THE WORLD REVOLUTION HAS BEGUN
According to Wikipedia, since the beginning of the new millennium, and especially since the crash of 2008, there have been mass uprisings in 79 countries, toppling governments in electoral earthquakes or popular uprisings from Iceland to South Africa, from Spain to Thailand…
If we look around the world today, what do we see? There has never been such international turmoil, such widespread movements of the masses on the streets on such a global scale, from Algeria and Sudan to Chile and Ecuador to Lebanon and Iraq, from Hong Kong to Haiti and far beyond. The revolutions of 1848 were confined to Europe. Even the revolutionary wave of 1917-18 was largely confined to Europe. But now we see on every continent astonishing displays of heroism by tens of thousands, sometimes even hundreds of thousands of people on the streets.
This tidal wave has been building up over two decades; it’s been implicit since the anti-globalisation demonstrations of the turn of the millennium, the Occupy movement that spread across the world in 2011, and many other warning signs. But now it’s as if the dam has suddenly burst, creating an explosion of latent energy worldwide.
In recent months, in thirty or more countries around the world – in Iran, Iraq, Lebanon and Egypt in the Middle East; in Algeria, Sudan and Guinea in Africa; in Ecuador, Chile, Colombia and Peru in Latin America; in France, Hungary, Catalonia and the Czech republic in Europe; in India, Indonesia and the Philippines in Asia; in Haiti and Puerto Rico in the Caribbean; most spectacularly of all in Hong Kong – tens of thousands have massed together on the streets – sometimes hundreds of thousands and even millions – braving tear gas and police bullets for weeks on end. This is a more truly universal outbreak of mass protest than any before in history; far more so than 1848, which was confined to Europe; more than 1917-1919, also mainly confined to Europe; more than 1968… This worldwide turbulence reflects the unprecedented internationalization of the proletariat, a class largely confined to England in Marx’s time and to Europe, North America and Japan as recently as thirty or forty years ago, but now straddling every continent, encompassing men and women alike, and now for the first time ever a majority of the world population.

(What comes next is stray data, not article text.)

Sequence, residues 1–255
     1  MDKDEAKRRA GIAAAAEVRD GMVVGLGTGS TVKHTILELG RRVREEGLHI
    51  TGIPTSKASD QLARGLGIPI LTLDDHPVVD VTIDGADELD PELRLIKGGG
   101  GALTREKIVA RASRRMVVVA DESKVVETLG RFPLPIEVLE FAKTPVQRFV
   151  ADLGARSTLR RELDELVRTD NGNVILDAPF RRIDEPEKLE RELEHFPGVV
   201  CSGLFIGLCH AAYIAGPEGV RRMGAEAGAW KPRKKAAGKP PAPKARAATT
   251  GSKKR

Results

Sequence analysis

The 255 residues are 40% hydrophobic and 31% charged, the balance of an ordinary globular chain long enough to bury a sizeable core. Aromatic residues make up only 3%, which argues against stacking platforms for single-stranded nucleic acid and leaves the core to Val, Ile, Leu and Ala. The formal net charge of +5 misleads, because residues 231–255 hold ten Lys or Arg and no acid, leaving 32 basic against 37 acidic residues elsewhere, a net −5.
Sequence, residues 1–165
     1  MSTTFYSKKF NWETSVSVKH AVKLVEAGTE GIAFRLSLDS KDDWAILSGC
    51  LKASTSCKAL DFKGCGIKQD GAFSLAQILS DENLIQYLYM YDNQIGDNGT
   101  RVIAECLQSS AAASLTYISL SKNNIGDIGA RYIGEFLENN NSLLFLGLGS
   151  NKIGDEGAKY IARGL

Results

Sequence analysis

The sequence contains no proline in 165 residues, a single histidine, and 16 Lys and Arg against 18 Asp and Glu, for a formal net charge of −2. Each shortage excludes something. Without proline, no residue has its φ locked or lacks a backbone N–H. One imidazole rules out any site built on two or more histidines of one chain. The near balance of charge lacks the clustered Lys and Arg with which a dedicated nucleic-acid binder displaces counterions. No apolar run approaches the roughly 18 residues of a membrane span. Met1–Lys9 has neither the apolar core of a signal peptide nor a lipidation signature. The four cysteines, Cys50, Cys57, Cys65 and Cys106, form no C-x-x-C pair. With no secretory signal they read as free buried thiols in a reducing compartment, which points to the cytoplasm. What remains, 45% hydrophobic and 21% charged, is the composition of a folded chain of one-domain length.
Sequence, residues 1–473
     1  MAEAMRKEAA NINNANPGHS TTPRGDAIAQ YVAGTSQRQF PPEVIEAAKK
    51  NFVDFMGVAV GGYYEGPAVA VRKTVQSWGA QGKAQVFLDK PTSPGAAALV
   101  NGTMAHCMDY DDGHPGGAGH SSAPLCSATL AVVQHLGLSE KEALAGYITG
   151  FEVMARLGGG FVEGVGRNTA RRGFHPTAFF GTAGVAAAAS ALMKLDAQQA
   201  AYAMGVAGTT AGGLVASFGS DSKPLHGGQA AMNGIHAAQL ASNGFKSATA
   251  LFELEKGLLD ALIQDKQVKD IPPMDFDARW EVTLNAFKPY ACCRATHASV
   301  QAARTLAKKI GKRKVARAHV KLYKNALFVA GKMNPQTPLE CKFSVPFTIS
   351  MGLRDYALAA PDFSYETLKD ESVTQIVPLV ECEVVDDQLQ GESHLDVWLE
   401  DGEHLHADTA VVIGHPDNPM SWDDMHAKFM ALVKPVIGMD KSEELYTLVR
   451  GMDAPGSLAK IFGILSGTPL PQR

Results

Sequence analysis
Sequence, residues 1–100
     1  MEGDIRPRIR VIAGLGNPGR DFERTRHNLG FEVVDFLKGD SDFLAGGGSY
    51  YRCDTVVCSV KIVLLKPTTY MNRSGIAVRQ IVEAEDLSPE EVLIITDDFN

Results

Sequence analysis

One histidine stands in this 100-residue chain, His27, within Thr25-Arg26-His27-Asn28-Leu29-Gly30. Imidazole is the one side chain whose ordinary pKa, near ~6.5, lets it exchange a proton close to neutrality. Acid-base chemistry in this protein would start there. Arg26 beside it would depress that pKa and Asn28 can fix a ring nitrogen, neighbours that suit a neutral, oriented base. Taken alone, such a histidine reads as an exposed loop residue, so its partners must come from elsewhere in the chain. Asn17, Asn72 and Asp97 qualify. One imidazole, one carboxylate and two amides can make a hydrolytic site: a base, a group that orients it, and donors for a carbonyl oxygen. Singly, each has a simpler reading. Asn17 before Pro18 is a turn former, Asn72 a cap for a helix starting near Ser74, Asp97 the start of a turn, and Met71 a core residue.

This is before we even take into account the millions of teenagers from Melbourne to Mumbai, Berlin to New York, who joined the recent school students’ global climate strike
These protests have disparate immediate causes, but they all have certain remarkable features in common. In each case they were precipitated by seemingly peripheral or even trivial issues: a new extradition law in Hong Kong, a planned petrol hike in France, an end to fuel subsidies in Ecuador, a 4% rise in local fares in Chile, a tax on WhatsApp calls in Lebanon, a rise in petrol prices in Iran, corruption in Iraq, police brutality in Egypt, etc. But these have been merely a tipping point: the accidents by which underlying discontent at intolerable conditions has been made manifest. One protester in Chile insisted: “This is not a simple protest over the rise of metro fares, this is an outpouring for years of oppression that have hit mainly the poorest.” Another in Beirut declared: “We are not here over the WhatsApp, we are here over everything: over fuel, food, bread, over everything.”
They have all drawn in huge swathes of the population previously untouched by political involvement or affiliation: 1.3 million (20% of the national population) in Lebanon; half a million in Barcelona (one third of the city’s population); over a million in Chile; 100,000 in Iran; 200,000 in Colombia…